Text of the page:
“I didn’t want to use maps or pin it down to historical events,” Herron says of capturing the flavour of 1994 Berlin, so he read essays on the social histories of the time. “I wanted to know what the streets would smell like. I wanted to know what kind of people were there.” One of the details that stuck with him and found its way into the book was the preponderance of young men on the streets; “the semi hedonistic, almost despairing partying that was going on, and the very fragile nature of reunification at that time when there was so much resentment in the West.”
He also draws on his own experience in the mid-’90s of meeting people from West Germany who were visiting England “and their unsympathetic view of reunification and what it was costing them.” Those sentiments are folded into the narrative. “Any given period of history is about the people inhabiting it and how they respond to events and circumstances.”
The Secret Hours begins in the now with a thrilling cold open chase, in which a retired academic named Max is roused from insomnia by the sound of intruders at his Devon cottage. The would-be assailant gives chase and the 63-year-old runs for his life. The story then moves into the past to unfurl how Max’s previous identity entwines with the present-day. Readers may recall that the inquiry is mentioned in last year’s Slough House short story, Standing by the Wall. To paraphrase from it, ‘An archive is not only to render the past but it was there to seed future reckoning.’ The action, such as it is, is spurred by the arrival of an old file.
It all relates to a grindingly dull and ineffectual present-day governmental committee of inquiry (fittingly called Monochrome) set up by a since-discredited prime minister to look into “historical overreaching by the intelligence services.” The novel unfolds in the post-COVID lockdown landscape of vacant offices and labour strikes, where Herron brings stultifying office culture to life. One moment of particularly absurd humour includes an impregnable, idiosyncratic sui generis classification system (imagine Douglas Adams writing Kafka) and the impossibility of being able to request files.
While business and management articles regularly suggest how to avoid long and useless group meetings, Herron thrives on them. “Although I’m writing thrillers, I’m not really that interested in writing the action sequences,” he chuckles. “If I could get away with it, I’d be writing just about people locked up in a room in conflict. Just in purely verbal and mental and emotional conflict. These are things that interest me.” Mission: Impossible without the elaborate setpieces or running is pretty much his ideal.
There’s insightful and often prescient commentary on current events; Herron was writing about white nationalists and a resurgent far-right back in 2008. In the current novel, the battle for the soul of the secret service is about privatization and outsourcing: the privately contracted world of public security and third-party for-profit groups, alongside the increasing prominence of non-elected forces in government.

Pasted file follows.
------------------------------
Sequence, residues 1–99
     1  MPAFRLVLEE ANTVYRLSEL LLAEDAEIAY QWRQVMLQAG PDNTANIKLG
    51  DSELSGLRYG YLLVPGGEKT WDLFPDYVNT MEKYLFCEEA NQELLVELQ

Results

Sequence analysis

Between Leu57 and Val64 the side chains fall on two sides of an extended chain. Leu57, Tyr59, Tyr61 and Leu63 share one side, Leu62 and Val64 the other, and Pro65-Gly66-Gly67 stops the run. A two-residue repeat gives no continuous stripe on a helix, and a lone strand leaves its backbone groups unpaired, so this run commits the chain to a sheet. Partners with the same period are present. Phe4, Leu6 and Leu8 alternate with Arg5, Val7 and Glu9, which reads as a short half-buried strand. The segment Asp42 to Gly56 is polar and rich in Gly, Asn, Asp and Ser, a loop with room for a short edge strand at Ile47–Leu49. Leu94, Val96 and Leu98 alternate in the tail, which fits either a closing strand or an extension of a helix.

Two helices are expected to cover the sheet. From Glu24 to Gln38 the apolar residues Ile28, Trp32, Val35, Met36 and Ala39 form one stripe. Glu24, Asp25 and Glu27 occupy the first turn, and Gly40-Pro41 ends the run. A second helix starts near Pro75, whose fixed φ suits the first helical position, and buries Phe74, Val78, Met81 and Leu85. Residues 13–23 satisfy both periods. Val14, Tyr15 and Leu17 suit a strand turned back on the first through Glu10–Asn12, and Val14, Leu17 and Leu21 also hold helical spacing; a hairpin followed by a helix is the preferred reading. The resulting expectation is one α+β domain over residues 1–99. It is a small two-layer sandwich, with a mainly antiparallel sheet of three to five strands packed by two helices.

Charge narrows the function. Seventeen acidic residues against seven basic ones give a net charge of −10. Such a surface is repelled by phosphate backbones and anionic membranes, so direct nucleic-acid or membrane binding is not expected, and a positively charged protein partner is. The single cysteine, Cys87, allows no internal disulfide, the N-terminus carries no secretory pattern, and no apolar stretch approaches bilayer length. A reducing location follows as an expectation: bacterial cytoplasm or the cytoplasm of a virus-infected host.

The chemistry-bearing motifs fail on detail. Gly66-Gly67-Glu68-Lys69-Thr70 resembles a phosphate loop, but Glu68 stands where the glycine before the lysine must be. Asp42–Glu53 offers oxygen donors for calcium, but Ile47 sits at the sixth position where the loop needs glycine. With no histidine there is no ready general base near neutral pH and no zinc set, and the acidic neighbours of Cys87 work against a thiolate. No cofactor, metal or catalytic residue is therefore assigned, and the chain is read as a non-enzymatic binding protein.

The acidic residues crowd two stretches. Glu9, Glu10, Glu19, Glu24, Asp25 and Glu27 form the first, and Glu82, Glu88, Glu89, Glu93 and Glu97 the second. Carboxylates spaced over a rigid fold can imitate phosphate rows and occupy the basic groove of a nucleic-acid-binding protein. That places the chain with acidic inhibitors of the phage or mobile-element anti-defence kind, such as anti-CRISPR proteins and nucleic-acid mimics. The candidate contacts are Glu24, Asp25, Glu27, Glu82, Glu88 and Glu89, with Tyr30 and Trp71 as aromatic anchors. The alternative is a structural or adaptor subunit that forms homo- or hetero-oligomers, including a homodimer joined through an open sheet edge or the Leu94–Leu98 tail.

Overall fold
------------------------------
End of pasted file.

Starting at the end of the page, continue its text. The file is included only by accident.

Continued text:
Like the main books, The Secret Hours is a state of the nation novel, albeit on a more intimate scale. (You don’t have to follow geopolitics to enjoy the series, but it sure helps.) It features a different selection of civil servants, including one status-conscious climber sliding down the ladder and another a 50-something whose career is at a standstill. There is a fate worse than failure because they’re stuck in the limbo of mediocrity.
Herron says he doesn’t quite know why failure and career despair fascinate him so much, but he remains very keyed into the notion that failure is more common than success. “I keep using the word failure because there isn’t a softer word for it, I suppose lack of fulfilment seems to me to be more common,” he says.
In a career writing detective and spy novels, with the last 15 mainly on Slough House, it’s only been six years since Herron left his day job as a copy editor of journal articles and case reports about employment discrimination and wrongful termination.
“I think that in the working life, we’re very lucky if we’re doing jobs that we enjoy and fill us out in some way. The vast majority of people live lives where the efforts that they have to make simply in order to survive, put food on the table, put a roof over their heads is completely unfulfilling and without any kind of redemptive qualities,” he adds. “And I find that very, very affecting. And I was almost there. Not quite, because my day job did involve me using stuff that I use today — but wasn’t using up any of my creative energies.”
How would life be different if he had emerged, like Martin Amis did, fully formed and famous at 22? He admires Amis but within the genre, he points out, the authors who have really lasted — like Ann Cleeves or Ian Rankin or Val McDermid and various others he mentions — tend to be authors who had written 9, 10 or more books before they achieved their status and success. “I’ve said it a few times, I’ll say it again. If you’re only gonna be successful in one half of your career, make it the second one,” he adds. “The first half, that’s a tragedy. This way it’s a happy ending.”
The Secret Hours by Mick Herron is published on Sept. 12; Slow Horses Season 3 airs exclusively on AppleTV+ this fall; watch Herron in virtual conversation with Michael Connelly on Sept 11.